When Vice President Dick Cheney shot hunting partner Harry Whittington in February, it was tragic proof of something all hunters know: One thoughtless pull of the trigger can send a friend to the hospital-or the morgue. Because of Cheney’s status, hunting and hunter safety whirled around the national spin cycle for an entire week. Time and Newsweek ran cover stories that tried to explain “what really happened” on that South Texas ranch. Late-night talk show hosts made cutting jokes about Cheney’s shooting skills. Bloggers looked for conspiracies. And some of the information out there was plain wrong.
All hunters should have paid attention, because there was plenty to learn. Here are four key lessons:
1. You need to hunt defensively all the time.
Although some tried to blame the victim for not announcing himself, the vice president pulled the trigger on a low bird without knowing what was behind it. Cheney was at fault, period. But if you’re the victim, blame isn’t the issue. When someone runs a red light and broadsides your car, it’s their fault. But that doesn’t mean you should never look to the side before stepping on the gas. Remember: You’re afield with armed people who might screw up-even if one of them is the vice president.
Wear a blaze orange vest and hat when hunting (Whittington did), but don’t believe it makes you invulnerable. Speak up. Let people know where you are and keep track of your party as well as other groups.
Wear eye protection in the field. Whittington took several pellets to the face. His eyes were saved by shotproof glasses.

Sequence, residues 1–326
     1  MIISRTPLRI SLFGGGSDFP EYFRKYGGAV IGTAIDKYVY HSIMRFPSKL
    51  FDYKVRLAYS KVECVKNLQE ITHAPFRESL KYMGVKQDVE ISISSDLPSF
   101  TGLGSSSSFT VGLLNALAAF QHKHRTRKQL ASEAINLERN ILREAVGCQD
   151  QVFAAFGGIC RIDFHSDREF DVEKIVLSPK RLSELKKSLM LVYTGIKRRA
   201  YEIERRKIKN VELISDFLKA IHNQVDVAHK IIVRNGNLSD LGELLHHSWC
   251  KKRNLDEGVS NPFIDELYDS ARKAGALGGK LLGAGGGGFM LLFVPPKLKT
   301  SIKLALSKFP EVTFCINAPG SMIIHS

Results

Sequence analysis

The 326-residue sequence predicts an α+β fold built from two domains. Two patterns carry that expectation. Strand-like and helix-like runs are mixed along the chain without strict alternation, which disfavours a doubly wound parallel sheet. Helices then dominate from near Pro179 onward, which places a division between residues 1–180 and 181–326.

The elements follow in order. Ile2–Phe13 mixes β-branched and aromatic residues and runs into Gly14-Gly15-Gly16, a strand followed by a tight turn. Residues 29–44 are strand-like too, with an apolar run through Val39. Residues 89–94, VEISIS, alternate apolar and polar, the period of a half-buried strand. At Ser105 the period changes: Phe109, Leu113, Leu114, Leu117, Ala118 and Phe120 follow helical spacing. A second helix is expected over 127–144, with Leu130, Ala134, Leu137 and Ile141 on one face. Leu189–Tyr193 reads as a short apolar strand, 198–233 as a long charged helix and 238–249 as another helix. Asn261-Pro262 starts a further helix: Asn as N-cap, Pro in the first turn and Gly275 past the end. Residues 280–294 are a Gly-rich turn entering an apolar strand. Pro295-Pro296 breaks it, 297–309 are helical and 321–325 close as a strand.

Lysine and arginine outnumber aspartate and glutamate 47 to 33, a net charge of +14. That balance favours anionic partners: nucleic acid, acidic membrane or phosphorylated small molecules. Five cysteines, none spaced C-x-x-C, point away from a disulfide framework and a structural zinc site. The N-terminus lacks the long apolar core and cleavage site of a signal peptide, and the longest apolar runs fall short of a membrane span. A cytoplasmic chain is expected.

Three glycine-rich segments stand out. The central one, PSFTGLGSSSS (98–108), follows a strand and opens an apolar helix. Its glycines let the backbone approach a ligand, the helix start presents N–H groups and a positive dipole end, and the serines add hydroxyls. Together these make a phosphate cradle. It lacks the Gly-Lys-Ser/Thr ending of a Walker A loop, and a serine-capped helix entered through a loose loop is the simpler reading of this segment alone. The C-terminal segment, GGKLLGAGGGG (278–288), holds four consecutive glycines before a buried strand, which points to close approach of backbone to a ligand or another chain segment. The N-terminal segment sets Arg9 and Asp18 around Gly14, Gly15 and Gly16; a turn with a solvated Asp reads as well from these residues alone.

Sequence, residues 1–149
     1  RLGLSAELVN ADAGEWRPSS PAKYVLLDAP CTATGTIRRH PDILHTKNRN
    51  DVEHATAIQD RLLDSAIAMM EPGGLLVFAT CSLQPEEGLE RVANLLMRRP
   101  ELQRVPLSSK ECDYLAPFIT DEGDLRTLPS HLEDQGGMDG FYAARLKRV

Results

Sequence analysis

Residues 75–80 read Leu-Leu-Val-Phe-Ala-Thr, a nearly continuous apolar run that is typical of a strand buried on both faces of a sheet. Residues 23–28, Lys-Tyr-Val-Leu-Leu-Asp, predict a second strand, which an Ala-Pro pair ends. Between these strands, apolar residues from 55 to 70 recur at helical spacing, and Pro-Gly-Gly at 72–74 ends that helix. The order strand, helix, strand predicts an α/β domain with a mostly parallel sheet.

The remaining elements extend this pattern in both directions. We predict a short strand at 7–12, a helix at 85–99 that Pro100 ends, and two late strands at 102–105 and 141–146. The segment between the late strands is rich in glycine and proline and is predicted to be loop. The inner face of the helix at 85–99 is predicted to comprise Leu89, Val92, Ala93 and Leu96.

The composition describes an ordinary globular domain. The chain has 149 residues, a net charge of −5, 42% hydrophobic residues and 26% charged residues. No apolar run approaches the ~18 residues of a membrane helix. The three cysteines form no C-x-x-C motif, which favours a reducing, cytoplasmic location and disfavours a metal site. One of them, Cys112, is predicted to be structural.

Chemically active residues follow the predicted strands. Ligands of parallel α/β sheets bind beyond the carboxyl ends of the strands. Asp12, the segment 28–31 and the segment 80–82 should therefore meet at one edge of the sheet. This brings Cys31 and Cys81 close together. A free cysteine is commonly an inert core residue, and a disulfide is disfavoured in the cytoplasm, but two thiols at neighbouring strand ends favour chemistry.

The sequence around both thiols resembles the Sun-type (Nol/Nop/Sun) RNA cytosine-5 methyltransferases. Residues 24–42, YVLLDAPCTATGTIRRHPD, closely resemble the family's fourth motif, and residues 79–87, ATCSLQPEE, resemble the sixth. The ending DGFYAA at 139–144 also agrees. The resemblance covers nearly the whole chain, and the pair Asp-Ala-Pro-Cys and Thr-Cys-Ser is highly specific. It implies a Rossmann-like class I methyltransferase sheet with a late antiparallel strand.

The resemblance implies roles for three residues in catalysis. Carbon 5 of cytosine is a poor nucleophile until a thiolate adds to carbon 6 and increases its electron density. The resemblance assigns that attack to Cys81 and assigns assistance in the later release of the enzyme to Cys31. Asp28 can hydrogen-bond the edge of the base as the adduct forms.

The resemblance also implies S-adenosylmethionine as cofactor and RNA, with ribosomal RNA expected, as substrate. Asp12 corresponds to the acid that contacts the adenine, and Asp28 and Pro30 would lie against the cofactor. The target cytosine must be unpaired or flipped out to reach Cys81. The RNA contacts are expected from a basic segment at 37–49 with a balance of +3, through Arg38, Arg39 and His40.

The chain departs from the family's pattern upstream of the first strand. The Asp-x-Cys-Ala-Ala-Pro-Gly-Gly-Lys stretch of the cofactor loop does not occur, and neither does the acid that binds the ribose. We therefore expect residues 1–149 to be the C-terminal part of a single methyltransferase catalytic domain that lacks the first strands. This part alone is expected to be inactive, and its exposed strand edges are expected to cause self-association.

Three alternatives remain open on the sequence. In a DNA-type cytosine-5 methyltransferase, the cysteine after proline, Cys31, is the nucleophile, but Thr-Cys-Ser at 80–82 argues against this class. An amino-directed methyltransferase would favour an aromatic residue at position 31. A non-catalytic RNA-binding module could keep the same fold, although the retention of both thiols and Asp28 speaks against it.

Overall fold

2. Let some of them go.
Some birds aren’t worth the risk of shooting at them. Cheney whirled around to take a quail that flushed behind him. To safely shoot a bird behind a line of hunters, you don’t spin and shoot; you point your muzzle straight up in the air so as not to swing it past anyone else. You turn around. With the muzzle up, you look for other people, dogs, and trucks before you point the gun. I’ve done this safely a million times, but after the Cheney accident, I may let those birds go.
3. Hunter-safety classes pay off.
Immediately after the shooting, a few of the vice president’s defenders downplayed the accident as a common occurrence. Ranch owner Katharine Armstrong said, “This is something that happens from time to time. You know, I’ve been peppered pretty well myself.”
The numbers tell a different story. Texas, which sells over a million licenses annually, recorded fewer than 30 hunting accidents in 2004. Only five of them involved quail hunters. Ms. Armstrong might want to start bird hunting with a different crowd.
Hunting accidents are rare because hunters emphasize a culture of safety. We wear orange; take hunter-ed classes (there is no record Cheney ever did); and stress proper gun handling at all times. The “one beer” the VP drank at lunch wouldn’t be tolerated in most camps I’ve been to. Hunting will stay safe so long as we remain hyperaware that anyone can unleash a load of pellets in the wrong direction.
We can’t become complacent. Unlike the vice president, we don’t hunt with an ambulance standing by.
4. A lot of Americans don’t understand shotguns.
The accident proved that lots of people harbor misconceptions about shotguns. One blogger wrote that a load of 7¿¿s would deliver a “gentle shove” at 30 yards. Unfortunately, many hunters are equally clueless. After my only close call in the field, the man who nearly head-shot me at 20 paces asked casually, “Did I pepper you?” Last fall, a hunter-safety instructor told my son’s class that “buckshot will knock a man down but it won’t kill him.” Now, if buckshot will drop a deer, what chance do you think a human really has?
In fact, a load of No. 7Â¿Â¿ pellets-the shot sizze that Cheney was using-fired at 1300 fps retains enough energy to break skin at 132 yards. That’s one-and-a-third football fields. At close range, shot doesn’t “pepper.” It wounds and kills. Everybody got that? >